The following entries provide a broad introduction to the Palestinian-Israeli conflict. An international legal approach was chosen early by the author of Akehurst 1973 for analyzing some basic aspects of the question. In the same sense, Quigley 2005 applies international law reasoning to the historical narrative of the Palestinian-Israeli controversies. From a political point of view, Álvarez-Ossorio and Izquierdo 2007 stresses the obstacles posed by Israel in the framework of the peace process. Lentin 2008 brings together some essays on the idea of Palestine and Oren and Bar-Tal 2007 is a sociological analysis of the dynamics underlying the conflict. The economic implications of the Israeli occupation of Palestinian Territories are examined in the report Khalidi and Taghdisi-Rad 2009. Finally, Pappé 2007 collects diverse essays dealing with different elements of the Israeli-Palestinian conflict, as a history of Palestinian women or the question of Arab-Israeli citizens. See also Iglesias Velasco 2000.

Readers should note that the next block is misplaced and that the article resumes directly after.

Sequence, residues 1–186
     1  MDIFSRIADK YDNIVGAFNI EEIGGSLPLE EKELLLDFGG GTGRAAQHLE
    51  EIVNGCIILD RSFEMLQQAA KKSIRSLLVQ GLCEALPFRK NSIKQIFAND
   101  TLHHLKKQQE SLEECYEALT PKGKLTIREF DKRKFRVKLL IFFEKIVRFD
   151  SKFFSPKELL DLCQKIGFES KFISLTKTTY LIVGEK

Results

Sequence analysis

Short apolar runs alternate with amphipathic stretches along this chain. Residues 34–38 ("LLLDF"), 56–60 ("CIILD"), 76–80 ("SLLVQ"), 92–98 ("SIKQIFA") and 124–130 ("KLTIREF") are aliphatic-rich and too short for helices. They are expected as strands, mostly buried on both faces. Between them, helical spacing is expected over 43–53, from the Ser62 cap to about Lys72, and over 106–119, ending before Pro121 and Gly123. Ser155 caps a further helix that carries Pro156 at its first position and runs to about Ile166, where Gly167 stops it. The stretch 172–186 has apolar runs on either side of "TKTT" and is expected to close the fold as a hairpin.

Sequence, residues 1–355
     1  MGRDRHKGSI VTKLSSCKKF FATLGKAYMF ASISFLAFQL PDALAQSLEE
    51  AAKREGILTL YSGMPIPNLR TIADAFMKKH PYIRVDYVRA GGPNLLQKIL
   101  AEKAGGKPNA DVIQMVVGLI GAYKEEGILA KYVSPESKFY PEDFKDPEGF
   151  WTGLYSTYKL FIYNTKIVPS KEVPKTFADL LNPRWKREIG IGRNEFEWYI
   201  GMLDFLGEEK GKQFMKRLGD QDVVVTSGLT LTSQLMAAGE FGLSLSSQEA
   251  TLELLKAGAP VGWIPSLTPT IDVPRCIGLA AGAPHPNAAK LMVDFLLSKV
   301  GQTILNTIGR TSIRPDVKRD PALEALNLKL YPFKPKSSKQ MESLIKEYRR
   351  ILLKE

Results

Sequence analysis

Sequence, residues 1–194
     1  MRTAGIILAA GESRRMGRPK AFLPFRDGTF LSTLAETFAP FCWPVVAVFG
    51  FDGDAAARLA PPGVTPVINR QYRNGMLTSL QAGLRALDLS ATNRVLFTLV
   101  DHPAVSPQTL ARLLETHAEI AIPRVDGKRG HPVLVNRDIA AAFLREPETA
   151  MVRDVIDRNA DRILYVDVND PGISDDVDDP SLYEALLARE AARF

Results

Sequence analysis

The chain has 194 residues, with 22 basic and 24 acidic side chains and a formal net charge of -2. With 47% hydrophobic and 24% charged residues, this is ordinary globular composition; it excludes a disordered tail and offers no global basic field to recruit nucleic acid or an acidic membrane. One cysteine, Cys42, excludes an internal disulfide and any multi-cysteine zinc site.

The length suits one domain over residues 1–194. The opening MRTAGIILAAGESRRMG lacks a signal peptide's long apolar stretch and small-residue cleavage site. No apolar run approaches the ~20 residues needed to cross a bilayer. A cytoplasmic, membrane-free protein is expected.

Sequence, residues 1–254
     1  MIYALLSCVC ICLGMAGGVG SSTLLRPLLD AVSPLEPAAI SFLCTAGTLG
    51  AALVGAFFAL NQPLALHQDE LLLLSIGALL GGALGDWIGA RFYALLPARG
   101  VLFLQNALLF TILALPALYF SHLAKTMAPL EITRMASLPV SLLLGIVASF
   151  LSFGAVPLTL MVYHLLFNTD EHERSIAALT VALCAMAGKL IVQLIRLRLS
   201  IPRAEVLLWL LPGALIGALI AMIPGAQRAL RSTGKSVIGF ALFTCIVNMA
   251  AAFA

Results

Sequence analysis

Akehurst, Michael. “The Arab-Israeli Conflict and International Law.” New Zealand Universities Law Review 5 (1973): 231–249.
The international law perspective is unavoidable when analyzing the Palestinian-Israeli question. Professor Akehurst highlights in this early article some aspects of the origins of the conflict, taking into account international legal rules applying to it. Valuable conclusions are reached in this regard.
Álvarez-Ossorio, Ignacio, and Ferrán Izquierdo. ¿Por qué ha fracasado la paz? Claves para entender el conflicto palestino-israelí. Madrid: Los Libros de la Catarata, Instituto Universitario de Desarrollo y Cooperación, 2007.
Originally written in Spanish, this book (titled “Why has peace failed? Keys to understanding the Palestinian-Israeli conflict”) analyzes the main elements of the Palestinian-Israeli conflict to conclude that both the conflict and the possibilities of settlement are directly linked to the power and the interests of Israeli actors. The Israelis, in the author’s opinion, have the stronger position in the controversy and so are able to impose their points of view on the “weaker” Palestinians.